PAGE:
I seem to remember another letter in which she implored him to let Russians feel “the whip” because they needed and were used to that, or some such nonsense.

I have never understood how the granddaughter of a constitutional monarch, who had witnessed a successful parliament in action, became so obsessed by autocracy and maintaining it. Her position strikes me as odd given her upbringing.

Constantinople

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Re: Why do some see Nicholas as guilty for being rich?
« Reply #57 on: April 18, 2008, 10:46:09 AM »
Perhaps she wanted to be more Russian than the Russians.  The concept of not wanting to share is not usually seen as a positive virtue and none of the quotations posted above can shed a positive light on Alexandra's character.  To deprive the vast majority of Russians of a decent education, a decent standard of living and hope for improvement because her husband inherited an undemocratic institution does not warrant sympathy.  It is pathetic.  And to use the lie that Russia was not ready for it was also incorrect.  Every adviser that suggested that Russia wanted democratic reform was sacked by Nicholas on the advice of his wife.  And to suggest that the average family was living on far less than the cost of one pair of Nicholas' boots is an appropriate gauge of how unequal the distribution of Russia's wealth was.  This was not Nicholas' wealth but the wealth of all Russians.  It is too bad that the suffering had to be denied a normal evolutionary economic development like the neighbouring Scandinav'an countries due to this woman's obsession with absolute power.

Offline Nadya_Arapov

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Re: Why do some see Nicholas as guilty for being rich?
« Reply #58 on: April 18, 2008, 03:30:22 PM »
Alexandra was an unusual and in many ways a very sad woman, despite her admirable devotion to her children. Many of her eccentricities and problems were undoubtedly the result of the strain Alexei’s illness caused, but even prior to his birth she was considered a difficult, intractable person. However, while her advice and stubborn nature were certainly harmful, she was not the only person to blame for what happened to Russia.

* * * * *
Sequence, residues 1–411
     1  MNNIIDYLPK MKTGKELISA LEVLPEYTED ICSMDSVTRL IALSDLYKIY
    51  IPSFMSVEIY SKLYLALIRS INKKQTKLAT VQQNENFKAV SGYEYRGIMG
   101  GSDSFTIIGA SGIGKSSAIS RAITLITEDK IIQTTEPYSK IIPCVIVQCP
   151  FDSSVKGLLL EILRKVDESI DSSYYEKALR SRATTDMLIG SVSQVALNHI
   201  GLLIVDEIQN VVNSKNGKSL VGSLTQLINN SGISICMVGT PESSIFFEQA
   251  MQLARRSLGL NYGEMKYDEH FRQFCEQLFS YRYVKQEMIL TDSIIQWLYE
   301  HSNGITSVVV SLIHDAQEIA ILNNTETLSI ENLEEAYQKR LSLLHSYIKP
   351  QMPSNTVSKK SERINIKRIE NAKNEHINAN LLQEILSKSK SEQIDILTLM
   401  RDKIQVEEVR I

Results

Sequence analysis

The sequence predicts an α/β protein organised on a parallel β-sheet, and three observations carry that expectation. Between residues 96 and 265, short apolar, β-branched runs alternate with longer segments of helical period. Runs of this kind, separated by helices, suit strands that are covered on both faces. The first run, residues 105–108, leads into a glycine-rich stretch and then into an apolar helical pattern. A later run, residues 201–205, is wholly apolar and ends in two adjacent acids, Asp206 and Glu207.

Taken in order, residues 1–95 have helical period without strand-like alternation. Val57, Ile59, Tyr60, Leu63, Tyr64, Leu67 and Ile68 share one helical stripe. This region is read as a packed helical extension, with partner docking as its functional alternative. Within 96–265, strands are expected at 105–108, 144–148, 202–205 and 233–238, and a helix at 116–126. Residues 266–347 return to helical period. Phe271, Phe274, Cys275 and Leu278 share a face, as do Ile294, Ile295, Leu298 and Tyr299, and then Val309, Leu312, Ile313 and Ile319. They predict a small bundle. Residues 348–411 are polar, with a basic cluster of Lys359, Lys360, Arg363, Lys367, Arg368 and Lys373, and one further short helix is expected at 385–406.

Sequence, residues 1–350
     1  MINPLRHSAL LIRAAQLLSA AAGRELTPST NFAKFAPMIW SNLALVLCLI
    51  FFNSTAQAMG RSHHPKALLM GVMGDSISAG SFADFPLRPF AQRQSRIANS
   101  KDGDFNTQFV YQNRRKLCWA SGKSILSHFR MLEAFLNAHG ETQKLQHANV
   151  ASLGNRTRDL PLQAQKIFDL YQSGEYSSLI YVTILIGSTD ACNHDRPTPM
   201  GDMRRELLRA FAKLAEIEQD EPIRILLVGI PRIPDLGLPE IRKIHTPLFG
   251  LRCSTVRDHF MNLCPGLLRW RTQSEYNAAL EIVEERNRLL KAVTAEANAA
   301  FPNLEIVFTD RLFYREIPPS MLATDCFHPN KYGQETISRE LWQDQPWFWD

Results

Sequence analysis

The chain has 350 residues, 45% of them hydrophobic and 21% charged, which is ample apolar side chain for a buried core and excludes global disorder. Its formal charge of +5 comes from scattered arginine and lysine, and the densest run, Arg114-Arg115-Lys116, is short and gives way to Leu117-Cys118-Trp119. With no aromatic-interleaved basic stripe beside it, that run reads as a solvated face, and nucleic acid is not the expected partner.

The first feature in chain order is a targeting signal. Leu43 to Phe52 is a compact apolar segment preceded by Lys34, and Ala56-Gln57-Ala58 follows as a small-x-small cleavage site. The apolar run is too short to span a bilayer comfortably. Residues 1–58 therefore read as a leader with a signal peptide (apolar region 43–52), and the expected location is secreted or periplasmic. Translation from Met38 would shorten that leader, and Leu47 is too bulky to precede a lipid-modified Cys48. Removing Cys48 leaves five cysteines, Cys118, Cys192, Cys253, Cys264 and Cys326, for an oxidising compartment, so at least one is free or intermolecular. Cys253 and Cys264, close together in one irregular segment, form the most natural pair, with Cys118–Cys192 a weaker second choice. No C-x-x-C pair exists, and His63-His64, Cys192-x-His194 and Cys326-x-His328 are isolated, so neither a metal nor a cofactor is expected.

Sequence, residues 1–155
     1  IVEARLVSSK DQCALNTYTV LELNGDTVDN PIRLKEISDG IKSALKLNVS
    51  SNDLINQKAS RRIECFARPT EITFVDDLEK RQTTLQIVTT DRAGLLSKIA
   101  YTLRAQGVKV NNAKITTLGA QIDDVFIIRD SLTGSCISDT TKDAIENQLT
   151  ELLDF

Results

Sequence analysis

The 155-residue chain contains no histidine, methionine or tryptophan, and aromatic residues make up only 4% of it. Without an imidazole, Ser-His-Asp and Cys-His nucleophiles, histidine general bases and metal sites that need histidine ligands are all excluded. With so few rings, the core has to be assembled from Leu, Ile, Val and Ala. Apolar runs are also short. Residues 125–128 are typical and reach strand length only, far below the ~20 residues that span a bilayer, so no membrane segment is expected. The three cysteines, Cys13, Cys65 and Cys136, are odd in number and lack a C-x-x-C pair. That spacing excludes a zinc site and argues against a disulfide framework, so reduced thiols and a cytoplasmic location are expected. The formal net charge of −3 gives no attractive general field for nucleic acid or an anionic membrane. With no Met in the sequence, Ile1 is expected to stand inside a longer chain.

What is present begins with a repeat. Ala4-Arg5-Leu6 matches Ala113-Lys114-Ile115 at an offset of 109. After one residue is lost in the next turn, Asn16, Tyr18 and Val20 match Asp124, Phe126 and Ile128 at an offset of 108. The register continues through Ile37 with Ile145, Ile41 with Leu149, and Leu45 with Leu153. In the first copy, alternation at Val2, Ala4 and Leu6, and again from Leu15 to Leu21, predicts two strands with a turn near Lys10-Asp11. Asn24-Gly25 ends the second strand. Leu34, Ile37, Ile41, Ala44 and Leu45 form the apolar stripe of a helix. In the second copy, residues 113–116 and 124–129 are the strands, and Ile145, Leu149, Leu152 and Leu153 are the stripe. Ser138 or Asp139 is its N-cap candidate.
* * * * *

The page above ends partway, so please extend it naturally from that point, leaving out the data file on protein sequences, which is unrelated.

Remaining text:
Nor was she the only Romanov who clung to autocracy. Many of the Romanovs, including Nicholas II, were equally opposed to democracy in any form, believing firmly in divine right. Nicholas would have resisted the creation of a Duma even if he had never laid eyes on Alexandra. I think the difference between them and Alexandra was that other members of the Romanov family (with notable exceptions) were not desperate and deceived by charlatans like M. Philippe and Rasputin. Also several of them began to see the writing on the wall (impending Revolution) as time passed. They were willing to make concessions if only to save their own skin, Alexandra was not.

During WWI Nicholas did occasionally write to Alexandra telling her, basically, not to meddle. It is unfortunate that he didn't have the courage to stand up to her firmly and listen to wiser souls.

To give you an idea of how other Romanovs felt about the Duma here are a few quotes:

GD Konstantin Konstantinovich "KR's" diary - 8 Oct 1905